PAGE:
About the Library

Toggle secondary navigation
library resources

Osgoode Hall Law School Library

Osgoode Hall Law School, founded in 1889 by the Law Society of Upper Canada, is Canada’s second-oldest law school and the country’s largest common-law law school. The School takes its name from Osgoode Hall, built on Queen St. in Toronto in 1829, as the home of the Law Society and to the law school until its affiliation with and move to York University in 1968. The library’s history can be traced back to February 2, 1892, when Thomas Brown Phillips Stewart (1865–1892), an Osgoode student-at-law and poet, died tragically at the early age of 27, before he could graduate.

Phillips Stewart bequeathed his estate (the then-considerable sum of $7,599.65) to the Law Society of Upper Canada and directed that the annual income should be “expended by a Committee of Benchers in the purchase of law books for the Law School”. Many of the library’s older books still bear on their spines the stamp “PSL” for “Phillips Stewart Library.” Indeed, it was to distinguish itself from this new “Students’ Library” that the barristers’ library at Osgoode Hall began to refer to itself as the “Great Library,” and is still known today as The Great Library of the Law Society of Upper Canada.

When the Law School was affiliated with York University in the 1960s, Balfour Halévy was appointed founding Chief Law Librarian, with a mandate to design a library for the new school and to build a library collection equal to the school’s status as the largest common-law law school in Canada. Starting with the Phillips Stewart collection, which was moved to York from old Osgoode Hall on Queen Street, Halévy developed a collection that was already the largest law library in Canada. In the process, he assembled a significant collection of early English and American legal materials and, most important, the largest collection of legal Canadiana anywhere. When the library first opened in 1969, it was known as the York University Law Library and functioned as a unit of York University Libraries. In 1998, the Law School assumed full administrative responsibility for the library and its name was changed to Osgoode Hall Law School Library.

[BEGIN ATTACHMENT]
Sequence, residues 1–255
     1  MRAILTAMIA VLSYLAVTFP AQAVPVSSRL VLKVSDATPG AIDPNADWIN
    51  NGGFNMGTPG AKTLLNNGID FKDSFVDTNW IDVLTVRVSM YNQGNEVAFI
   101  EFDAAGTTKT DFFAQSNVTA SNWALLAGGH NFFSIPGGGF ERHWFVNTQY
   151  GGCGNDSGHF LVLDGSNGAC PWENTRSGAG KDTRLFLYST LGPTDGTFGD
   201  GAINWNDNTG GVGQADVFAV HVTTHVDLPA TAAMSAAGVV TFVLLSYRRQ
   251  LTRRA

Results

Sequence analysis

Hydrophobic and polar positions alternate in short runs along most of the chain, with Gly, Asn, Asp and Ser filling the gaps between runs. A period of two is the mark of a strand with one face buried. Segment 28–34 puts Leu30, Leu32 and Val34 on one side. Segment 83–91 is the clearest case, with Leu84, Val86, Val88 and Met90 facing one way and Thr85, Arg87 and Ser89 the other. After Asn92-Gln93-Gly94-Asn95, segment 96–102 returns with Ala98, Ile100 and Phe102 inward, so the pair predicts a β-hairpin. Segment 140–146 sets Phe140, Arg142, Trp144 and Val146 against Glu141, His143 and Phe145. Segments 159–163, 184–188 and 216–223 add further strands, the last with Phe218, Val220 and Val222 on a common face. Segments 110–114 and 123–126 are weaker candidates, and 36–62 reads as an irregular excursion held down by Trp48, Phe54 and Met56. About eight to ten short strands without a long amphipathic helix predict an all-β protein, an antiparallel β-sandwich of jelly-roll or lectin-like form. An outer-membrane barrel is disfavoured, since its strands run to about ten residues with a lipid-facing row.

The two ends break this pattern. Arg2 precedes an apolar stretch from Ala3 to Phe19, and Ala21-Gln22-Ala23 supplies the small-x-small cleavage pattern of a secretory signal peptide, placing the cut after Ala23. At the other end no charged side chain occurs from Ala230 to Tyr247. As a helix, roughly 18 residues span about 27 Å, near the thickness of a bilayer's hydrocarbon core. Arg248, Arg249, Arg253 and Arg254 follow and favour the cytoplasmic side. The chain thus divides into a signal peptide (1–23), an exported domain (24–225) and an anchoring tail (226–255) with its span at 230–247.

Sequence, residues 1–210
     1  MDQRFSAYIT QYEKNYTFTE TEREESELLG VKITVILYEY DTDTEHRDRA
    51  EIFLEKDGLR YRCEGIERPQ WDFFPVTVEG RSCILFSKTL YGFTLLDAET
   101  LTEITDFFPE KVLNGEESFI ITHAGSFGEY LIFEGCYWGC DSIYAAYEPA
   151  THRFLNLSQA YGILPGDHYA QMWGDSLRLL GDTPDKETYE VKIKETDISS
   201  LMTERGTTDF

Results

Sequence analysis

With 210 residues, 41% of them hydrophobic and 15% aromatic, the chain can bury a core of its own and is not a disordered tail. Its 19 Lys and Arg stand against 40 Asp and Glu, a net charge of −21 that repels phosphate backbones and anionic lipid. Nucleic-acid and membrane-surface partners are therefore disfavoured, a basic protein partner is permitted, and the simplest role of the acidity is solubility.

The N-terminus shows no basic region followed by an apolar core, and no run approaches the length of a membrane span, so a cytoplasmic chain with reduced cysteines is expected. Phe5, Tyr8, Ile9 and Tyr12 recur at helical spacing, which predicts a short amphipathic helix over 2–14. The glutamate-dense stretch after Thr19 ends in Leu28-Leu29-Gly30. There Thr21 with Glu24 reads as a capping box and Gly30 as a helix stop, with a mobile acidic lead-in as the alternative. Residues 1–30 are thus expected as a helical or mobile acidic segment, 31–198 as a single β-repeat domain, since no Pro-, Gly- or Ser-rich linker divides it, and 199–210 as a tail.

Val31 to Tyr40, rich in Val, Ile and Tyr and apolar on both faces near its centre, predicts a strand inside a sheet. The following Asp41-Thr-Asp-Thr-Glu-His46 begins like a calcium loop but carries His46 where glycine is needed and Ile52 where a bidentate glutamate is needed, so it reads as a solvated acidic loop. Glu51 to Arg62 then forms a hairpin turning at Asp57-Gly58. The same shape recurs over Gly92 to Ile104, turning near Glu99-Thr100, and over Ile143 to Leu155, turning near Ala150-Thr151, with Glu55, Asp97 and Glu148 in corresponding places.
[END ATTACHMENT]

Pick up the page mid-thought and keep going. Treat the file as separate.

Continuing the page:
Osgoode Hall Law School Library’s mission is to support the intensive research and innovative teaching for which Osgoode Hall Law School is known, by collecting, organizing, preserving and disseminating legal and law-related information in any form; by providing effective service and instruction; and by exploiting electronic information systems to provide access to new information products and services. Our vision is to be a leader in the innovative provision of information and services on Canadian law and law in context.


With more than 500,000 items, the Osgoode Hall Law School Library is the largest law library in the Commonwealth. The Library’s Balfour Halévy Special Collections in the John R. Cartwright Rare Book Room comprise a significant collection of early English and American law books and the largest collection of historical (pre-1950) Canadian legal texts and primary law sources. The library’s print collection of international calibre is supplemented by an ever-growing range of online and digital resources, including HeinOnline, LexisNexis, Quicklaw and WestlawNext Canada, to which all members of both the Osgoode and York University communities have access. There are many country and topic-specific tools which provide researchers with in-depth access to the laws of the United States, United Kingdom, Australia, India, the Caribbean, China, and the United Nations.


Access to these print and online resources is made possible by professional law librarians, who are available to assist students, faculty members, alumni and the profession with reference and research inquiries and with training in the use of online resources. Our professional front-line library staff is also available to assist users with borrowing, technical troubleshooting, printing and photocopying, and library use.